Background on Engaging a Conference
In a previous post I noted that I have tweeted conferences for the past 2 or 3 years while being inconsistent at other times. I started live tweeting events when I realized that I was spending as much time and effort tweeting out the most relevant points of the session I was in as I spent taking notes – plus, the notes I took were less relevant than my tweets, since I was only tweeting out the best parts! Tweeting has allowed me to share and others to share info from sessions we may not have been able to attend. Once I committed to live tweeting conferences, I got a lot of great, positive feedback about it from other attendees. I have had many people come up to me and say “Hello @kentbrooks”. It has been a great way to meet other conference attendees so I kept on going. I’ve gotten the bulk of my Twitter connections through live tweeting. Live tweeting doesn’t just build recognition among attendees of the conference, either. People who are trying to follow along at home via the conference hash tag are often even bigger fans of quality live tweets. At the Ellucian Live Conference April of 2013 I specifically had a request from one of the Wyoming CIO’s to live tweet the conference since he was not going to be able to make it. I am not sure of the overall impact, but I do know it is easier to meet more people at conferences through live tweeting. Ironic, isn’t it…technology humanizing the experience of a gathering of people.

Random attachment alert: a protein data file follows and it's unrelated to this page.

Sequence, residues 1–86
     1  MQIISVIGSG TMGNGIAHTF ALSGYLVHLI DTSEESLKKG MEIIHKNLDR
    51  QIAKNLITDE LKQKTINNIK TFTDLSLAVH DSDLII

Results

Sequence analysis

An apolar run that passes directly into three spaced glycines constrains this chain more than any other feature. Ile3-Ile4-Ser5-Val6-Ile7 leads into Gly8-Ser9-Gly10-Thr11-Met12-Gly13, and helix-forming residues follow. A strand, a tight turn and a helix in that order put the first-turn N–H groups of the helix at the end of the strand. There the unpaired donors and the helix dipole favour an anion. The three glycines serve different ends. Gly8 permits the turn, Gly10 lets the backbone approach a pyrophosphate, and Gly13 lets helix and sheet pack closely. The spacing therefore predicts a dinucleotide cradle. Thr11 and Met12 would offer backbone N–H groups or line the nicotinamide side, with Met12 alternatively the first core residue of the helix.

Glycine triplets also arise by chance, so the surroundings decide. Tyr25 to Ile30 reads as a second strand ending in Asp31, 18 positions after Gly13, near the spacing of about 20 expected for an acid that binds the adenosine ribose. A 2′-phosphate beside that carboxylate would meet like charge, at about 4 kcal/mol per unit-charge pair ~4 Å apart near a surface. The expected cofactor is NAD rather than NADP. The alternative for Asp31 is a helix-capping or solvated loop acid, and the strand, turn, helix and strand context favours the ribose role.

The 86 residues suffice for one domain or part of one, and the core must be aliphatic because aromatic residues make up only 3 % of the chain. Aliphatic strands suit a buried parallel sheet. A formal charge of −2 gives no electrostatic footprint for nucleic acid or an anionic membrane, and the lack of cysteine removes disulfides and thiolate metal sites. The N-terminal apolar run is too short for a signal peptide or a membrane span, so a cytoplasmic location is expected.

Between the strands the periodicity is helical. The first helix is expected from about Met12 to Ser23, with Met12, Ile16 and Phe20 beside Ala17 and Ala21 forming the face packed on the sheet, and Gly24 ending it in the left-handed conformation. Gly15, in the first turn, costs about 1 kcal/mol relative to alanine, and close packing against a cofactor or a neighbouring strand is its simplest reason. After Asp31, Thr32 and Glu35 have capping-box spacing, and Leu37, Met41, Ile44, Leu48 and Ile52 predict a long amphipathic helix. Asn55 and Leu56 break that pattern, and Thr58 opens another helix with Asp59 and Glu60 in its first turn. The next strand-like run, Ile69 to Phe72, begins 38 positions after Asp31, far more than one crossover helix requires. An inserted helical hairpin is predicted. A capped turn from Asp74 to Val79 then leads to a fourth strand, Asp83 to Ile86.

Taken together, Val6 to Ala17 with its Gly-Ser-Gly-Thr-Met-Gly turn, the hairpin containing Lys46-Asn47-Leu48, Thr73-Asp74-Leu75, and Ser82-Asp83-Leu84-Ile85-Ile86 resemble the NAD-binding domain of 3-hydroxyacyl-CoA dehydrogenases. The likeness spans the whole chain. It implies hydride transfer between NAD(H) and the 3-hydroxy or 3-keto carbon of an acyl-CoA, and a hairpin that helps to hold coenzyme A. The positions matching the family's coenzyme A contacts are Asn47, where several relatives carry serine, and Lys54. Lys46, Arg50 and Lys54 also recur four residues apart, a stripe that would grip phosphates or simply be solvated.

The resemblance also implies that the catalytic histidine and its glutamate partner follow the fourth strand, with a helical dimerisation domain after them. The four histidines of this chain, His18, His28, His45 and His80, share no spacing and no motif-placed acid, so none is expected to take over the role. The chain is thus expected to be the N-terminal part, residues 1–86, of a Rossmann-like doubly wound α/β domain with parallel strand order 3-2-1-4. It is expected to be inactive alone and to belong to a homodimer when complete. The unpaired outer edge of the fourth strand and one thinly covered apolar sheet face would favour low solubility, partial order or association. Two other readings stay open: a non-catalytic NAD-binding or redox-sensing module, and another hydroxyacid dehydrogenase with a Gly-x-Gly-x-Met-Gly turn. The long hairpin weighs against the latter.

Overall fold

We we attended a Moodle Moot aka Moodle Conference in Helena MT in July 2013 and had amazing participation. I will add a few details of what we did in various posts in this series, but the bottom line:
Gamification has enhanced conference conversations at the Helena Montana Mountain Moot
Since I have a head start on this topic I have easily been the most active tweeter at most of the conferences I have attended in the past few years. However, as I look at the examples below I have wondered if some of this is not a one-way conversation. So my question became: how do we get more people engaged in these conversations?
I haven’t done a great job a measuring this until the past year, partly because my intent never was to learn more about how this works, but rather I was just trying to find a way to share notes. As I have tried to sort through all the with all sorts of new technology looking at how a conference works I thought how can we gauge this?
Tags Explorer Visualization provide a pictorial view of twitter activity based on a given hashtag
AACC April 2013
Mountain Moot July 2012
TDWI August 2013
The answer to the original question. You have to find a reason for people to be there, meaning Twitter, LinkedIn Etc. Gamifying the conference event definitely created a buzz about using Twitter. All conference give aways were tied to the Twitter Game and all the activities in the Twitter Game were designed to create engagement.
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